Could the government “require” this generosity and proactive response? Is this not the essence of corporate social responsibility? The CEO of Wal-Mart said he wanted a response “appropriate to our size and the impact we can have.” He did not ask for a response that met the limits of the law. Wal-Mart is a giant and H. Lee Scott thought that meant they had a responsibility to the impacted communities to deliver a giant-sized response.
Do not be deterred by Dr. Karnani. Was what Wal-Mart did after Katrina good for business? Sure. But if we take Dr. Karnani at his word, we have to assume that the payoff from their efforts was worth more than the sacrifices. Wal-Mart saw a need that it could uniquely meet, but it would mean sacrificing cash and inventory for the benefit of the community. That might cause a diminished financial return for shareholders, but they were probably never more proud of owning stock and never had more confidence in H. Lee Scott as a leader than they had that day. Do confidence and pride have “value” to the shareholders? You better believe it.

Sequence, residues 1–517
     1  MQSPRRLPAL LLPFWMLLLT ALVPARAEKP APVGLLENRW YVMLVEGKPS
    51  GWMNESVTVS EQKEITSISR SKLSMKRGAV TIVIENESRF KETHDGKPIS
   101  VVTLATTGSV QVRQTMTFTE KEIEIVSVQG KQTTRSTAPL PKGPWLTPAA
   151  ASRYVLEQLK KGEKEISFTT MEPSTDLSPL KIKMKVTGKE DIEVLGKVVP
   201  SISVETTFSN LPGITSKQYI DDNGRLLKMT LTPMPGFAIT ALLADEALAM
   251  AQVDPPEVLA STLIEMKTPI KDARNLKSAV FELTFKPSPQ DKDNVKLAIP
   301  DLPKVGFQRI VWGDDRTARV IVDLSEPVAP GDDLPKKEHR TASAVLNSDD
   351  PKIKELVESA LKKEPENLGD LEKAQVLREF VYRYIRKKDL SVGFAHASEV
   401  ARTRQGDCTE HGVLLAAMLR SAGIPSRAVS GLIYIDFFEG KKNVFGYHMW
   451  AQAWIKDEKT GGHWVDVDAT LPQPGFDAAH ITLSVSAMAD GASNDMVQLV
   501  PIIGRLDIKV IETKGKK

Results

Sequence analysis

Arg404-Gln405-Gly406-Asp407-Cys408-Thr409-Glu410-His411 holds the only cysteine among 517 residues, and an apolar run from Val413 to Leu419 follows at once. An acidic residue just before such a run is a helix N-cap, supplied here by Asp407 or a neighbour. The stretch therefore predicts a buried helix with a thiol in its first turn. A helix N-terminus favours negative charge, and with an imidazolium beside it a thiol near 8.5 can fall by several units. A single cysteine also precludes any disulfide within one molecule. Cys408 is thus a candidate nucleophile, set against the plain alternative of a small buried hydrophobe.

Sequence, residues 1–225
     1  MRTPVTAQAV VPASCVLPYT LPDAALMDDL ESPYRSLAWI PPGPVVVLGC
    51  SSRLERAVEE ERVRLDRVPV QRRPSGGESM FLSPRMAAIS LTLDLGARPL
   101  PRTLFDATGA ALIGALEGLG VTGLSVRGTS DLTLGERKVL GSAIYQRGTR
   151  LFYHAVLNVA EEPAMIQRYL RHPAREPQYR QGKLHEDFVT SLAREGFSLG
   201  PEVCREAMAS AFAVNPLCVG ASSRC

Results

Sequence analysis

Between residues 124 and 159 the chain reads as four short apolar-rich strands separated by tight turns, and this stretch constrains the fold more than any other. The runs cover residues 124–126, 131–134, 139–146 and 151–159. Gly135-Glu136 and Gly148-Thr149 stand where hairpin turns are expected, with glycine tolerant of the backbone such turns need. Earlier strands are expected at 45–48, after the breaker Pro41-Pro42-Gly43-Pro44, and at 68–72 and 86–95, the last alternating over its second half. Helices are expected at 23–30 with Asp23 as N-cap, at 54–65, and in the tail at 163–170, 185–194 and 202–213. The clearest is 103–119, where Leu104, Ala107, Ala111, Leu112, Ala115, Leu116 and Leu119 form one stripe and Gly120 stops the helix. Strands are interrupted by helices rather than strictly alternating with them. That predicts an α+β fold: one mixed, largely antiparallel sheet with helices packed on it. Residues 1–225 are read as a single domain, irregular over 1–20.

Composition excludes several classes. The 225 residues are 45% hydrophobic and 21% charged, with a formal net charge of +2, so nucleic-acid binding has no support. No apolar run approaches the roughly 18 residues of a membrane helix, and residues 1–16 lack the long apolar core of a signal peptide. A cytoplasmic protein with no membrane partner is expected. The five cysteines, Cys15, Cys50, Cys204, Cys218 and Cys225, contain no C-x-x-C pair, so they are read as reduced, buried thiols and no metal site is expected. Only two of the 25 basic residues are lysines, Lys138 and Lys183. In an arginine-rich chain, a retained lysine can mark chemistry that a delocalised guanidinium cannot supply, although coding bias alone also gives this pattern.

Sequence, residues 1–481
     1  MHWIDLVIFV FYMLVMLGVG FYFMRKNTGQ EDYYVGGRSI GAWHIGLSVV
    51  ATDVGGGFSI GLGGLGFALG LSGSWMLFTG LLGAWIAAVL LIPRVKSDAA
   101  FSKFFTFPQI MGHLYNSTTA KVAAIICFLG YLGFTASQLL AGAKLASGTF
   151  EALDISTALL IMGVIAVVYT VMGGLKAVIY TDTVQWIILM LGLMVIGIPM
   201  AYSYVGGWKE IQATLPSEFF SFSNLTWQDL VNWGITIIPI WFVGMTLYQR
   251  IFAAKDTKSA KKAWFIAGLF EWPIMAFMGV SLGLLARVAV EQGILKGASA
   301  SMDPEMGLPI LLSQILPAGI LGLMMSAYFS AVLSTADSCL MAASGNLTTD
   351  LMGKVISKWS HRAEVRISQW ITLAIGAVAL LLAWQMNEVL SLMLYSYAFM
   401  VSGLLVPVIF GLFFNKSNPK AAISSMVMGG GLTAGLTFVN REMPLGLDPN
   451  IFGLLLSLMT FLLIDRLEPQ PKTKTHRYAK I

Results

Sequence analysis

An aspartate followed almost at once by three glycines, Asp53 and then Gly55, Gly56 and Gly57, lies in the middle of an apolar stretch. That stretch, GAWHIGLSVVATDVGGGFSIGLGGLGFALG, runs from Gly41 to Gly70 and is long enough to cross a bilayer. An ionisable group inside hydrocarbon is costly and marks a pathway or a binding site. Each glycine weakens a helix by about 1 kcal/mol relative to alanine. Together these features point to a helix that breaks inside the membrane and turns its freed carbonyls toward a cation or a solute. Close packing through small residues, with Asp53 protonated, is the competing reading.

The (triple) bottom line: businesses have a giant-sized opportunity and responsibility – not simply a legal requirement – to be safe employers, to be good neighbors and to be strong stewards of natural and financial resources.
For detailed rebuttals, read more.
[i] Barbaro, Michael and Justin Gillis, “Wal-Mart at Forefront of Hurricane Relief” Washington Post, September 6th, 2005. Accessed online, 8/27/2010: http://www.washingtonpost.com/wp-dyn/content/article/2005/09/05/AR2005090501598.html